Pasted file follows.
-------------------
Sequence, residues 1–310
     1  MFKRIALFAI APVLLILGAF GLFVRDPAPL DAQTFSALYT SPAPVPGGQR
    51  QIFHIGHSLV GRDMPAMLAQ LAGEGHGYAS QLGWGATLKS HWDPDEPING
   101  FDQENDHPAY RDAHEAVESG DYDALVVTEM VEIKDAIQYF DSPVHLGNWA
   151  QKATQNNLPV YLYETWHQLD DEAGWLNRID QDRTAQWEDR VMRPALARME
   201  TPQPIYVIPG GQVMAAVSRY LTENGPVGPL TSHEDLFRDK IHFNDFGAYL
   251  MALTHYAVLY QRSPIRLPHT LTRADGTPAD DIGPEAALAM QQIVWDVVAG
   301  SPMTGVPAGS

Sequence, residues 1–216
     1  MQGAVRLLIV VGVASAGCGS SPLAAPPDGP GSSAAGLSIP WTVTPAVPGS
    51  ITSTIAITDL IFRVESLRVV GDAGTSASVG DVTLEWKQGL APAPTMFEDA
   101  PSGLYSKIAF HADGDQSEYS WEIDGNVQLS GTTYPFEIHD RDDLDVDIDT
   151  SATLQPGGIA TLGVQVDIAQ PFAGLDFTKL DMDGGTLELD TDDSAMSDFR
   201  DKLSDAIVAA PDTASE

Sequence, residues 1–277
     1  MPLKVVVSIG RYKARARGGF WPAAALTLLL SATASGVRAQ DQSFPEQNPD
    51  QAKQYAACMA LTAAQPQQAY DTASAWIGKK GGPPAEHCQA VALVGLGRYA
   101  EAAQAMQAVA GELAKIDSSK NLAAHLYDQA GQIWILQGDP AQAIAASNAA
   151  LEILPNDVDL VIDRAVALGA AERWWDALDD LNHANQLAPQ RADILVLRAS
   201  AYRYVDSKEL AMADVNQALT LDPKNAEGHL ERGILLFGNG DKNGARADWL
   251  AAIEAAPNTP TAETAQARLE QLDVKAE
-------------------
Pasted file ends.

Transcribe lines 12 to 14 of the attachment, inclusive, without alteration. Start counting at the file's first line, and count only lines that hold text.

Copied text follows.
   101  PSGLYSKIAF HADGDQSEYS WEIDGNVQLS GTTYPFEIHD RDDLDVDIDT
   151  SATLQPGGIA TLGVQVDIAQ PFAGLDFTKL DMDGGTLELD TDDSAMSDFR
   201  DKLSDAIVAA PDTASE